Giving the Middle Finger to Gourmet
WHY YOU SHOULD CARE
Because this young chef believes the rich should stop trying and trust straight-up gritty food.
By Aayush Soni
Manu Chandra grew up watching grandmothers and aunts mince meat on stone grinders and peel melon seeds by hand. He learned early how sambar — an Indian lentil soup-sauce — is made every morning. By his teen years, he was rolling meatballs for dinner, getting “inventive” by adding cheese or spices to his instant noodle snacks and stirring curries on the stovetop … by standing on a stool to reach the pot.
It’s no wonder the 34-year-old grew up to be a chef and restaurateur — and a hip, creative one at that. Celebrity chefs are a relatively new phenomenon in India, but nearly every tastemaker there, from The Indian Express to Spice Route, has heaped rave reviews on Chandra’s most famous brainchild, Monkey Bar. It’s been a hit with cosmopolitan arbiters like Condé Nast Traveler, too. Which is not to say Chandra does haute cuisine — quite the opposite.
First launched in the tech-hub city of Bangalore in 2012, Monkey Bar is a sprightly gastropub that is ironically anti-gourmet. Its menu draws on street-cart food and, frankly, poorer people’s palates for inspiration. Not that the prices are for the impoverished, of course: A meal for two — say, a burger and cocktail per person — would come to approximately 2,000 rupees, or $33, a handsome sum in India. Monkey Bar is what happens when an ambitious, classically trained chef gets bored with chicken tikka.
Chandra’s fare is India’s latest — and perhaps tastiest — exemplar of a global street-food movement. Around the world, traditionally lower-class food, from American soul food to Mexican tacos, is becoming the hip new gourmet. Chandra, a slight, handsome New Delhi history geek who now spends most of his time in Bangalore, has a mission behind his cooking. Several years ago, he wrote an article entitled “The Rich Don’t Know Squat About Food” for the weekly newsmagazine Tehelka. Despite the spread of India’s wealthy classes, he wrote, there’s a “thrifty skein of our DNA” that lies in poor people’s food.
In the bright, wooden-floored Monkey Bar, diners hang out in a casual environment, with foosball and pool tables and funky, loud music. Favorites on the menu: keema samosa — a deep-fried puff pastry stuffed with ground meat. Or there’s keema bao, a twist on a traditional Iranian food found in many Indian cafes: mutton stuffed inside a steamed bun. The result looks much like pork bao dim sum. Also available: distinctly un-Indian fare like nachos with barbecued chicken or “Butterfly Chicken Gangnam-Style ; )” — yes, the winky face emoticon is on the menu. “He doesn’t shy away of going full throttle,” said Madhu Krishnan, executive chef for research, development and innovation at ITC Hotels, under whom Chandra trained when he was 16.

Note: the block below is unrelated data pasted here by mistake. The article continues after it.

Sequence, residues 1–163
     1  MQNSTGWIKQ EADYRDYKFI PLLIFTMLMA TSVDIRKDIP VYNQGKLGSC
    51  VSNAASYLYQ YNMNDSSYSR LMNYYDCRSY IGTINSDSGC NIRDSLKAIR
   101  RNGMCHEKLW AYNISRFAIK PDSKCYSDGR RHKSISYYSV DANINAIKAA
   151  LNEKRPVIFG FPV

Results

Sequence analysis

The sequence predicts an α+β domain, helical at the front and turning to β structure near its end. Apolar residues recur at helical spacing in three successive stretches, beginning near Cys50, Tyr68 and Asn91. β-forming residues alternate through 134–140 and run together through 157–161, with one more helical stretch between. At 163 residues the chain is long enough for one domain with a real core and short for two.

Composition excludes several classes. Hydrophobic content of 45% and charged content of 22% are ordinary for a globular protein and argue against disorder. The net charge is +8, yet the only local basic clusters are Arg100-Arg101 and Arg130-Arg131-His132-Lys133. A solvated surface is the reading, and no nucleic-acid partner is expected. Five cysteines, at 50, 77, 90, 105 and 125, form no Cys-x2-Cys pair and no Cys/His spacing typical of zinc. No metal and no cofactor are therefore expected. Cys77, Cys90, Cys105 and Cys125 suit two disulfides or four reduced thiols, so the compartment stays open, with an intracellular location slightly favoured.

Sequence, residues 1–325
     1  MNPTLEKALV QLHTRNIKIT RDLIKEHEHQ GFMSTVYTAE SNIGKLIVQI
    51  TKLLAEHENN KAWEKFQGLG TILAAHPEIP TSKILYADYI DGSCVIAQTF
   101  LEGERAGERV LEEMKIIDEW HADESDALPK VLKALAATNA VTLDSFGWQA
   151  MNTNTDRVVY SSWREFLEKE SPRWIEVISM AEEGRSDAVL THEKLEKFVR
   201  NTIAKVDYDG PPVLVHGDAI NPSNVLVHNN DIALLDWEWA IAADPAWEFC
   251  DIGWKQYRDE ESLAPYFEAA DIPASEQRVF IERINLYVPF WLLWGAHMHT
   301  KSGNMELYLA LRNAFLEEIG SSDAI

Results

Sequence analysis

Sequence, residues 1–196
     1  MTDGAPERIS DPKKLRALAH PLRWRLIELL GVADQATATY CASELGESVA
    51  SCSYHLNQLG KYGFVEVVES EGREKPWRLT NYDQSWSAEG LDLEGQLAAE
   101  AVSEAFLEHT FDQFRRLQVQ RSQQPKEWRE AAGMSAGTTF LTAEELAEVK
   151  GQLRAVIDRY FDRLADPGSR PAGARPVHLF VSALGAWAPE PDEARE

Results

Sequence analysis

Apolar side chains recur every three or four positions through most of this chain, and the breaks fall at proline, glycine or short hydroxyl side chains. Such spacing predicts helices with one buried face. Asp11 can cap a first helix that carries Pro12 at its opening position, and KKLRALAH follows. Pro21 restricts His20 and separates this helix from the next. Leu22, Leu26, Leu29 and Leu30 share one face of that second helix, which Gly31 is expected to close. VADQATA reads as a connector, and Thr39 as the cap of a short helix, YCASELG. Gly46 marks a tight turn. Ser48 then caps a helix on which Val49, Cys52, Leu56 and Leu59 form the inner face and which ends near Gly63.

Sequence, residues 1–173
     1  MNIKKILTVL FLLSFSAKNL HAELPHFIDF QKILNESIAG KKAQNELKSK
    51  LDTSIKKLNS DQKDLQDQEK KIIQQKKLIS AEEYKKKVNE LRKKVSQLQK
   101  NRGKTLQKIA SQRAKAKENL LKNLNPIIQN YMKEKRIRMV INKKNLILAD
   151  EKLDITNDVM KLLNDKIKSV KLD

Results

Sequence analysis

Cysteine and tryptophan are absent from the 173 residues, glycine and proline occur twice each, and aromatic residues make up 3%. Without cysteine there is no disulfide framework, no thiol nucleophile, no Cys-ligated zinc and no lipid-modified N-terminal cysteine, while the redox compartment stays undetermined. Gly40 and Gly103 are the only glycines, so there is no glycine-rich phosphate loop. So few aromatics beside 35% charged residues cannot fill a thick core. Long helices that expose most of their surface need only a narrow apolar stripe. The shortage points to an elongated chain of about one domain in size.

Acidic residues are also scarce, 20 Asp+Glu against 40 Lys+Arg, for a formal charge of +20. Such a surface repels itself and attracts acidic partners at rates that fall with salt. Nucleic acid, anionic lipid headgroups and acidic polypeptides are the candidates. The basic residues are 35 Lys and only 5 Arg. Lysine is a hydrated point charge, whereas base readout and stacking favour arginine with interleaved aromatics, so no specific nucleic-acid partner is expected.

There’s a context to his cooking and a rigorousness of thought behind it.
Antoine Lewis, food critic
Sometimes that experimentation can come at the expense of popularity or diners’ comfort levels. Chandra recently tweeted about a vegetarian meze platter being sent back because it didn’t include the standard hara bhara kebab — a pan-fried patty found in most bars. “I will never please all and compromise the integrity of my product,” he added. Diner complaints are par for the course, perhaps, but diners may have less tolerance for the vicissitudes of vampy street food than for, say, an elaborate French reduction.
Born into a “well-off” family, Chandra always wanted to be a chef — but a cerebral one. After all, his grandfather held two Ph.D.s and worked as a criminologist while also dabbling in Urdu poetry. His worldly parents were in the garment business, and Chandra’s dad was on the board of the company that manufactured FU’s jeans. His family home was filled with clients from the United States, Germany and Hong Kong. So when a teenage Chandra vocalized his desire to enter the challenging food-service world right after high school, his family members were none too pleased.
Luckily for them, during an interview for a hotel management institute, Chandra made small talk with his interviewer, who gave him a reality check about the hospitality biz. “He told me: ‘The tie I’m wearing is the only glamorous part of the business. You’re too smart for this, so go do something else,’” Chandra recalled. What happened next was straight out of a Bollywood movie script. Chandra’s grandmother dreamed that her grandson was attending St. Stephen’s College, an elite liberal arts institution in Delhi. Soon enough, Chandra was studying history at exactly that college, and after graduating he enrolled at the Culinary Institute of America. He’s an intellectual, and there’s some serious gray matter behind what he does: “He doesn’t just think about food, but also the culture, city and customer,” said food critic Antoine Lewis. “There’s a context to his cooking and a rigorousness of thought behind it.”
With branches already in the capital of Delhi and in Bangalore, Monkey Bar is set to open its doors next in Mumbai. And The Fatty Bao, Chandra’s Asian gastropub, will soon set up shop in Delhi. He didn’t divulge much more, except to say that he has set his sights on other Indian cities, such as Hyderabad, Kolkata, Jaipur and Chandigarh.
Of course, an American-trained, cosmopolitan chef may have more on the horizon. He thinks Monkey Bar would do well in New York. “Imagine: people in New York eating sarapatel with pav. Wouldn’t that be great?” Sure, if they can figure out how to pronounce it first.